The first episode with the fourth Doctor (Tom Baker) was Robot.
Mortally weakened by the Spider Queen on Metebelis 3, the Doctor is forced to regenerate. His recuperation is cut short as UNIT investigates a spate of robberies involving components for a top-secret disintegrator gun. The culprit is quickly identified as a highly sophisticated robot built by Professor Kettlewell, being ordered to act against its Prime Directive.
Just how is the robot being used to carry out the sinister agenda of the Scientific Reform Society? Can the Doctor rescue Sarah from the robot’s clutches and avert a nuclear war?
I really like this episode, lots of UNIT action (even if they do use an Action Man Scorpion Tank in one shot).
Many years ago I picked up some Harlequin Miniatures, one of which was the Giant Robot, which (eventually) I got around to painting.
The primary aircraft employed by the enigmatic xenos known as Craftworld Aeldari, Nightwing fighters possesses a level of speed and manoeuvrability that appears preternatural. In battle, squadrons of Nightwings weave around enemy aircraft, tearing their foe apart with bursts of fire from shuriken cannons and bright lances. The Asuryani air fleet is full of intensely fast, hard-hitting yet fragile aircraft. Nightwings are all of these, with the speed and maneuverability to stay out of the line of fire and set up an ideal tailing position before unleashing devastating firepower.
There are three of these in the Wrath of Angels boxed set. These are the painted versions on the GW website.
There are three models on the single sprue you get in the Wrath of Angels boxed set.
These were simple models to construct, though the swing wings were a little fiddly.
They do move, but I kind of expect them get “stuck” once undercoated and painting.
I mentioned this idea in an article I wrote on a French themed Operation Sealion, Otaire de Vigneur.
To add a bit of diversity to my games, I also have one of Minifigs’ World War One British tanks, for use by a Home Guard unit (stolen from a local museum no doubt).
Now when I wrote that article and bought the miniature it was only an assumption and what I thought would be a nice idea, and probably had no basis in truth….
Well just shows a little historical research never hurt anyone, as the Bovington Tank Museum has on display a Mark IV Male tank that was used just in this way. It was used in World War One and then presented to the Navy. When war broke out in September 1939, the Tank Mark IV (Male) number 2324 was refurbished for Home Guard duties; according to the Bovington Tank Museum website.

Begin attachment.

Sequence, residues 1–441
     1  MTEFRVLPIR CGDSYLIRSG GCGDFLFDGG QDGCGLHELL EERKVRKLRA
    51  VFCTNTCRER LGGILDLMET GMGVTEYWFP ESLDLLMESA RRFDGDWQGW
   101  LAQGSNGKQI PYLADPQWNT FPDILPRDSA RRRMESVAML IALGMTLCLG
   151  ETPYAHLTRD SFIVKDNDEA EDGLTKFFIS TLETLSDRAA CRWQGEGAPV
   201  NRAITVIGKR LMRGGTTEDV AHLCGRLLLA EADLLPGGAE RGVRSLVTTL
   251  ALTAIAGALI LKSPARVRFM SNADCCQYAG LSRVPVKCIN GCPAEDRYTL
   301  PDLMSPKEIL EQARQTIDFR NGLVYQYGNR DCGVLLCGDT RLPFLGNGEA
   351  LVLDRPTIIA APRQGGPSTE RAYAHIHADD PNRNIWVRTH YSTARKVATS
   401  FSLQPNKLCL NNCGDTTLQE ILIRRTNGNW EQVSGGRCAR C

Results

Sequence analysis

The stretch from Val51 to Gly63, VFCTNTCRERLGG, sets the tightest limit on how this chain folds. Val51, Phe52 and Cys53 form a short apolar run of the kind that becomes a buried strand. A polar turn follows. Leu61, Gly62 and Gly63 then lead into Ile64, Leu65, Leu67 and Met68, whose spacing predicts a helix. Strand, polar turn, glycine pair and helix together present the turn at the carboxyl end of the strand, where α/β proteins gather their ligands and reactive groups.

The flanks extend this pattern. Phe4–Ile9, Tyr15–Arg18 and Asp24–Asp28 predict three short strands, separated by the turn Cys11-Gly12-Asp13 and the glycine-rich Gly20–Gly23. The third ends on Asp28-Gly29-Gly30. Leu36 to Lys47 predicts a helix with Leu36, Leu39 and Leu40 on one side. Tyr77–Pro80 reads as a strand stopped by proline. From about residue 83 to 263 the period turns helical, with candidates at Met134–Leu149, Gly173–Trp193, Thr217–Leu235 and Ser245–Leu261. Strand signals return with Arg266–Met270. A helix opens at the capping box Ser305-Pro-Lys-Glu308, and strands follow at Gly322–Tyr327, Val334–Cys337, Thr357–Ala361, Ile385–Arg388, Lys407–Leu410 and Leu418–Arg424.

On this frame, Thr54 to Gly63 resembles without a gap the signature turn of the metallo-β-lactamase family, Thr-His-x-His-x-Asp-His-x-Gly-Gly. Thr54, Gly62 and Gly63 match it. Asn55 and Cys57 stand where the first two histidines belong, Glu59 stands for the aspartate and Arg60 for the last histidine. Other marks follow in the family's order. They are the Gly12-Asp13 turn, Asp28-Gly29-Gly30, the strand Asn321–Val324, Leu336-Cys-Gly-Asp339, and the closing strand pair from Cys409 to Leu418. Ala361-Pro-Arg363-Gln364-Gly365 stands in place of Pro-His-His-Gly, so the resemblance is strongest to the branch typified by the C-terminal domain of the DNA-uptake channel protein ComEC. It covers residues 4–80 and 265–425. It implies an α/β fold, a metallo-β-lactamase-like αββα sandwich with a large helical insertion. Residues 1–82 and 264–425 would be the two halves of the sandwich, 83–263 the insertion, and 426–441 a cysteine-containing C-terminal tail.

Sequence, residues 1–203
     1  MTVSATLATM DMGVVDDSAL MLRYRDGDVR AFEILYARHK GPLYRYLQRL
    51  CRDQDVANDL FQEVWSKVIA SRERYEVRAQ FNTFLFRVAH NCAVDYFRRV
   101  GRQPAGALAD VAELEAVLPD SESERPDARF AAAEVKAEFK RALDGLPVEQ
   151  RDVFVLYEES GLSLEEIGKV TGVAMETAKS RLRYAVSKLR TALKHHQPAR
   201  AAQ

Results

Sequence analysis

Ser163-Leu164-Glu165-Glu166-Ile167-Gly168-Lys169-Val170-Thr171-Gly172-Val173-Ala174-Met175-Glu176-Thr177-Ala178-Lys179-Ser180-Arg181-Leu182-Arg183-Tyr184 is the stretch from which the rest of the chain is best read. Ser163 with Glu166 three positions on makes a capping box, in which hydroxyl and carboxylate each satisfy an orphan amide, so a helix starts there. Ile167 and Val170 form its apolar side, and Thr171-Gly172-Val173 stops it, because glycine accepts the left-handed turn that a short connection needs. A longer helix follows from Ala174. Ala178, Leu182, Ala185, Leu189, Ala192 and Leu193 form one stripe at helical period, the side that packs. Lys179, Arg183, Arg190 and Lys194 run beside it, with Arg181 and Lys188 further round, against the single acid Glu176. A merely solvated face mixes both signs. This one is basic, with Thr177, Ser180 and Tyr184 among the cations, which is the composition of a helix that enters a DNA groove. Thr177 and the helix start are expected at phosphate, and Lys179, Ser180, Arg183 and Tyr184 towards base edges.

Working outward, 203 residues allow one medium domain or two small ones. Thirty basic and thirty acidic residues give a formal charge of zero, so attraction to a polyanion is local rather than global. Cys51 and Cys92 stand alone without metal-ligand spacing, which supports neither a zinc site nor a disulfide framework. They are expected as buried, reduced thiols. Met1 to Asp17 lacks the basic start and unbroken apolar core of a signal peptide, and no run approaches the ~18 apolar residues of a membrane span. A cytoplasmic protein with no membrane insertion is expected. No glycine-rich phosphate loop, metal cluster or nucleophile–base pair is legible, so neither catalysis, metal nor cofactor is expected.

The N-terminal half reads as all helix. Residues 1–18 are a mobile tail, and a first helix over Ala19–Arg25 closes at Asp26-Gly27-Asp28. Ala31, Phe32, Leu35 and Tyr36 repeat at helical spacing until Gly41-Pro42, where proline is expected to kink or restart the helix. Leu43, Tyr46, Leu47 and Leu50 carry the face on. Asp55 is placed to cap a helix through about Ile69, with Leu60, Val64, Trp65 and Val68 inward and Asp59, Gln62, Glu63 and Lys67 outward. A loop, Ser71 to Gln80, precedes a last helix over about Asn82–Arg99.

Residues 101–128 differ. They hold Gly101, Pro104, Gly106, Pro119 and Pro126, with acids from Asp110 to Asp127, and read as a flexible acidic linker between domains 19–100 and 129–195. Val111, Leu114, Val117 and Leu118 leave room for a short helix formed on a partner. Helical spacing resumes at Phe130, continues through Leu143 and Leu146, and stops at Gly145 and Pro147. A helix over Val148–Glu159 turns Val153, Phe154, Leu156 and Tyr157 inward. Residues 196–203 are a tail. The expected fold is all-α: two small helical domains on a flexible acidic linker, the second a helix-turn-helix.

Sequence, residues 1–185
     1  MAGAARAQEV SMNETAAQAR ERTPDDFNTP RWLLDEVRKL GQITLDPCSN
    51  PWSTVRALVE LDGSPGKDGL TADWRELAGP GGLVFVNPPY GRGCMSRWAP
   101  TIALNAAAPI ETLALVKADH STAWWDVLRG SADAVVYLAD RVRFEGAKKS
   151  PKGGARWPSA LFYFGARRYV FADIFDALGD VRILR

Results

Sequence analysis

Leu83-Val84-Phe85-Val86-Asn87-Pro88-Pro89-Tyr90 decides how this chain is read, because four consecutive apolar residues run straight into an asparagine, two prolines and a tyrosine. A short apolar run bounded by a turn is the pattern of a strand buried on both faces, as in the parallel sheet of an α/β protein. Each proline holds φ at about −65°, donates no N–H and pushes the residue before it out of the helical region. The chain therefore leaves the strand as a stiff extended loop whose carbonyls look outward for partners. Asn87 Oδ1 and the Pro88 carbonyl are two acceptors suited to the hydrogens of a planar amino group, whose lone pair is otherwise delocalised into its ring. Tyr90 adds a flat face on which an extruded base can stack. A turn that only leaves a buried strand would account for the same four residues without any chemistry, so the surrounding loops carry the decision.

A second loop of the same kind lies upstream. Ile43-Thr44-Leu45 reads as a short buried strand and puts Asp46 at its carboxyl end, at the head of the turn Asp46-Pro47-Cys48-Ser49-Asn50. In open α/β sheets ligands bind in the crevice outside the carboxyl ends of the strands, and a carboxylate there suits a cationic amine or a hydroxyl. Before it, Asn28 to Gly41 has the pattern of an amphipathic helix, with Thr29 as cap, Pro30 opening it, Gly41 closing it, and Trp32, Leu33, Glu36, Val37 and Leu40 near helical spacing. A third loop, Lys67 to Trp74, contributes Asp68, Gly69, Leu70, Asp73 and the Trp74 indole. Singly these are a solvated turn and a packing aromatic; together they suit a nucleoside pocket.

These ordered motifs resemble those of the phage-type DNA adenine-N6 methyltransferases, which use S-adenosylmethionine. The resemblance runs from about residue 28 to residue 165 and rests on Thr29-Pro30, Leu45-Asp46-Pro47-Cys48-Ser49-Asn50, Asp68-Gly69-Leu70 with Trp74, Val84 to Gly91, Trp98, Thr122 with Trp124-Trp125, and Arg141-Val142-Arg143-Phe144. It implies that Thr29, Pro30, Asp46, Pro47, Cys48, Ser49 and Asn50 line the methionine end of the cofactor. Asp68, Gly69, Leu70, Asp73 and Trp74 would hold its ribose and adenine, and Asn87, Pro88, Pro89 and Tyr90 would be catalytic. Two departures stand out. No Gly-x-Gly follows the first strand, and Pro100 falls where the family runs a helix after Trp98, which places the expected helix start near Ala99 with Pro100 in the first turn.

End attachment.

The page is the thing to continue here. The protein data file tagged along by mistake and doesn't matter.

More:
Our exhibit, a male tank, was presented to the Royal Navy’s Gunnery School, HMS Excellent after the war to commemorate their help training Tank Corps gunners and it was temporarily refurbished for Home Guard duties in 1940. (Believed to have been achieved by removed parts from another tank possibly on Southsea Common.)
This photograph is from HMS Excellent in 1940.
One thing clear from this photograph is the disruptive camouflage they have used on the tank.
So though I thought my idea was probably if Operation Sealion had happened, I didn’t think and didn’t realise that it had in fact happened despite the fact that the Germans hadn’t invaded.
The tracks fitted really easily to the hull of the tank.
The sponson were simple to fit with the metal castings of the main weapons.
I added the exhaust, but decided against adding the “unditching beam” rails that are included with the kit.
Mark IVs were also the first tanks fitted with “unditching beams” by field workshops. A large wooden beam, reinforced with sheet metal, was stored across the top of the tank on a set of parallel rails. If the tank became stuck, the beam was attached to the tracks (often under fire) and then the tracks would drag it beneath the vehicle, providing grip.
The period photographs of the Home Guard Mark IV show the tank without these rails.
The next stage was to give the model a white undercoat.
Then it is on to the basecoat, where I did have some problems…
This Messerschmitt BF109G-2/Trop was on display at RAF Cosford.